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Economic forecast: Hold on to recovery

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Economic experts are forecasting growth in 2011, but don’t expect it to erase the pain of the last three years.

The Missouri Council on Economic Education on Feb. 8 held an economic outlook forum and panel discussion with local business leaders.

Supported by 42 charts of economic data, Missouri State University economics researcher David Mitchell predicted a slight increase in employment statewide this year.

However, the associate professor of economics and director of MSU’s bureau of economic research, said it would be five to 15 years before unemployment rates would return to 5 percent. Unemployment in Springfield – currently at 8.4 percent – remained below 5 percent for 14 years in a row 1994–2008.

“If you have a kid who is graduating from high school this year, there are the same number of jobs available now as when you dropped (him) off at preschool,” Mitchell told the 90 audience members at University Plaza Hotel.

This recession’s impact would be a lasting one, he said, pointing to the 8.6 million jobs lost nationwide between 2007 and 2010.  

Between December 2006 and November 2010, only the government and health sectors increased employment in Missouri, and total nonfarm employment was down more than 135,000 jobs. Mitchell projects total nonfarm job growth of 15,000, or .57 percent, this year in Missouri.

Other forecast highlights included a 1.43 percent increase in Springfield employment; a 12.2 percent increase in mining in Missouri – Michell said this was due to recently high commodity prices; a 2.16 percent in the state’s leisure industry; and a 1.91 percent decrease in financial services revenue statewide.

“I think it was fairly optimistic,” Mitchell said of the forecast as compared to others he’s examined. “Some of the panel thought it was a bit pessimistic, but I do believe the worst is behind us.”

The panelists – SRC Holdings CEO Jack Stack, former State Treasurer Sarah Steelman, Springfield Area Chamber of Commerce President Jim Anderson, and City Utilities General Manager John Twitty – each pointed to confidence among employers as being a key to any lasting economic recovery. And each talked about the important role government can play in job creation.

Anderson said a renewed focus on jobs by President Obama was a step in the right direction.

“He has challenged businesses to hire, and businesses are ready to hire, but there is still a lack of true confidence,” Anderson said.

However, Twitty said the federal government’s focus on health care reform and cap-and-trade legislation have competed with job creation efforts.

“I don’t think anyone would argue that during the last two years we’ve had an activist president and Congress, and it’s made the uncertainty in the economy a whole bunch worse,” Twitty said. “We’ve been conflicted. I think we need to pick some problems that we’re going to deal with and put the others over here.”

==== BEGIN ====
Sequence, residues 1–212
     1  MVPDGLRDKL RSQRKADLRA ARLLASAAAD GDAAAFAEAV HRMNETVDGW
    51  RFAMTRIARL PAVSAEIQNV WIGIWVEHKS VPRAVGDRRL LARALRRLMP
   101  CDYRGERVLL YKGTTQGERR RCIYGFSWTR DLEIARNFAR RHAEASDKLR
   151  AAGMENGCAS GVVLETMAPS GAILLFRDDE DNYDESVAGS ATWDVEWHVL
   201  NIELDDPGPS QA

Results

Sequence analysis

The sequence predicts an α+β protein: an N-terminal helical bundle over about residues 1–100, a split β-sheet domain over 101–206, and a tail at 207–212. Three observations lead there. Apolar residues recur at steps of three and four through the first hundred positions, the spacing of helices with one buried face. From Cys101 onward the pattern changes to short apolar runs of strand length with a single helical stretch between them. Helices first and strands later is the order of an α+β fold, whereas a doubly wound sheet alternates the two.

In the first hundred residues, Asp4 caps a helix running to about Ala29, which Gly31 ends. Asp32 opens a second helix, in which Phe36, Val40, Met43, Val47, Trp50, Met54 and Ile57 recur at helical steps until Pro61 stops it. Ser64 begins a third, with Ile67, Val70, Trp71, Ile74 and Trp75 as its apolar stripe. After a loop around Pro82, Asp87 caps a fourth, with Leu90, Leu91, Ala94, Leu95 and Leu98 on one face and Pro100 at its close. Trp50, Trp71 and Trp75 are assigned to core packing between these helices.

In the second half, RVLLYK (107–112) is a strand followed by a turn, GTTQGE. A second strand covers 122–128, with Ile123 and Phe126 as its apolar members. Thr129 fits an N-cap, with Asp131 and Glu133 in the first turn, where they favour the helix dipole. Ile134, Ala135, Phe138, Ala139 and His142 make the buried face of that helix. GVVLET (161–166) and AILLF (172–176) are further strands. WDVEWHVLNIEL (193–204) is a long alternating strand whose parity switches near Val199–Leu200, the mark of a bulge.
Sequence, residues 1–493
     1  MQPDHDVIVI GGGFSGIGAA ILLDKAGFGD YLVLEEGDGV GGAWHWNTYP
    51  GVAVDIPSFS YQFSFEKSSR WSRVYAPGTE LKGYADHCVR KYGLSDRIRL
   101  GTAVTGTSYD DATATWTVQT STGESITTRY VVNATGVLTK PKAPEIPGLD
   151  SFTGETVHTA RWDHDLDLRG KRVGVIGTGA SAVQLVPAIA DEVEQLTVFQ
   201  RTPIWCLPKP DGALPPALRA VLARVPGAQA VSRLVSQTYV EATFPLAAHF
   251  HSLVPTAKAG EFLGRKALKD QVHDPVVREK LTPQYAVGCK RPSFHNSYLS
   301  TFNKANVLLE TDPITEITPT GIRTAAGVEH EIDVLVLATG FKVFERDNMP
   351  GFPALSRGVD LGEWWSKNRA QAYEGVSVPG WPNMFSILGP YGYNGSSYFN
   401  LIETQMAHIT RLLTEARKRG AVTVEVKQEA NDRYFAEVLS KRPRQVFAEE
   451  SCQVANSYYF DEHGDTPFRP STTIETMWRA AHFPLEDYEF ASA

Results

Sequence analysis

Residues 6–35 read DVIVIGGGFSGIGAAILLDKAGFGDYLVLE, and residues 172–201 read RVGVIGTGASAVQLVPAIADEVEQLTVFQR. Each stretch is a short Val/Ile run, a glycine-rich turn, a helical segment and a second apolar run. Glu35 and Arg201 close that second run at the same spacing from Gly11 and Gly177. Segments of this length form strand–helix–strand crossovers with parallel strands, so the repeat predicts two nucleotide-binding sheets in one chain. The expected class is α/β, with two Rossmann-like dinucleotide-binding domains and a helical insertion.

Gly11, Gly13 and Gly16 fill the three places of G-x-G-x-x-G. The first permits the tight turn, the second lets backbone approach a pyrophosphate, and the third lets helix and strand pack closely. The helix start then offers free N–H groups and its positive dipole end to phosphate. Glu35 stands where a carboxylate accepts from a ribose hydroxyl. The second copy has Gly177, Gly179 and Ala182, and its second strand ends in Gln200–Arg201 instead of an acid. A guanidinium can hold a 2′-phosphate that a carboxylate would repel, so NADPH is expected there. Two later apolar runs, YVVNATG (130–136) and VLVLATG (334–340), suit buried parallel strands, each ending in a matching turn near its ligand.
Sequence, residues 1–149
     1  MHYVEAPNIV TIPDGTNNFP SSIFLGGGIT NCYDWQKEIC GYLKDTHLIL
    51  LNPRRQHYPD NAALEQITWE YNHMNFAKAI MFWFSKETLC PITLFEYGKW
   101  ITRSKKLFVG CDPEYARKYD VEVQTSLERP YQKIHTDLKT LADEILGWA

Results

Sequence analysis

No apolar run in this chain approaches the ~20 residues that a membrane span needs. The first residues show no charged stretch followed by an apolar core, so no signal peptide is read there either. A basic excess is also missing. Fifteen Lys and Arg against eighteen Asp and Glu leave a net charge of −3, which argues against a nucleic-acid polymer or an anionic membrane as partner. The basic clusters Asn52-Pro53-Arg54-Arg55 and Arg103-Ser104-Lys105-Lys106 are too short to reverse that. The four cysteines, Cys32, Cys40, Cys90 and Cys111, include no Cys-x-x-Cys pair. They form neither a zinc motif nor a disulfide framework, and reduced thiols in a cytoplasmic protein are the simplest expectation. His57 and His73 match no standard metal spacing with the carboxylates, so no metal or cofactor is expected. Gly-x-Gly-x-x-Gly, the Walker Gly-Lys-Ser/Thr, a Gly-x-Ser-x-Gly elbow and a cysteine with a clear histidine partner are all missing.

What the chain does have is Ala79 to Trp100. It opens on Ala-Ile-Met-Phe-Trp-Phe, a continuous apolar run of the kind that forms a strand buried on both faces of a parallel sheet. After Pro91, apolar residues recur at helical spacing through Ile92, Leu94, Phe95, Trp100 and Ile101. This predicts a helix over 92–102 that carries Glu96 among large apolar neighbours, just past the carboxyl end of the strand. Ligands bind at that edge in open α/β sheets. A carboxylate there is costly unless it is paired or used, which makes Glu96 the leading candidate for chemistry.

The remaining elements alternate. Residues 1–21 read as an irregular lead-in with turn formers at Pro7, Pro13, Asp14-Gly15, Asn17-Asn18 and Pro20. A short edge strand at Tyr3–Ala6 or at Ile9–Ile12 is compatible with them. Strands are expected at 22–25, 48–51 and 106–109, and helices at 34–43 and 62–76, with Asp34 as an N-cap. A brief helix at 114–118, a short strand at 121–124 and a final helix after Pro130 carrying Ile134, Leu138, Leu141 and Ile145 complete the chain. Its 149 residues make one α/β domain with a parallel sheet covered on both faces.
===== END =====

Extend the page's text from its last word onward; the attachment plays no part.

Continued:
Steelman said the economy works best when government gets out of the way and lets the private sector do what it does best. She said caution was necessary when considering economic models and forecasts.

“You can’t capture everything in a model,” said Steelman, who intends to run for a U.S. Senate seat in 2012. “You can’t capture optimism or worry or uncertainty.”

Stack has survived four recessions since 1980, and he’s very optimistic about a recovery this time around regardless of government efforts.

Stack said employers should be thinking about how to best position themselves during tough economic times.

“Go buy a window. If you buy a window right now, it will take six to eight weeks to get it because nobody has any inventory,” Stack said, adding that companies with inventory on hand ought to see higher sales than those retailers who are afraid they won’t be able to sell.
In a separate economic outlook presentation last week by UMB Bank, investment adviser Bill Greiner projected a more stable year.

“I’m seeing 3.2 percent growth in (gross domestic product) this year,” Greiner said by telephone, before his Feb. 10 address to a private group at Hickory Hills Country Club. “The average annual growth since WWII, including recessions, is 3.3 percent, so this is going to feel something like a normal year.”

Greiner, president and chief investment officer of Scout Investments, a subsidiary of UMB Bank, agreed that uncertainty has plagued the national economy throughout the recession, but a recent GDP turnaround and the extension of Bush-era tax cuts pointed to economic growth in 2011.

He couldn’t speak specifically about Missouri employment figures, a focus of Mitchell’s presentation, but Greiner said national unemployment should drop below 9 percent by year end.

“We expect the economy to show some degree of acceleration,” said Greiner, BusinessWeek’s 2005 Stock Market Strategist of the Year and runner up in 2007. “The question right now revolves around the sustainability of that growth profile.”[[In-content Ad]]


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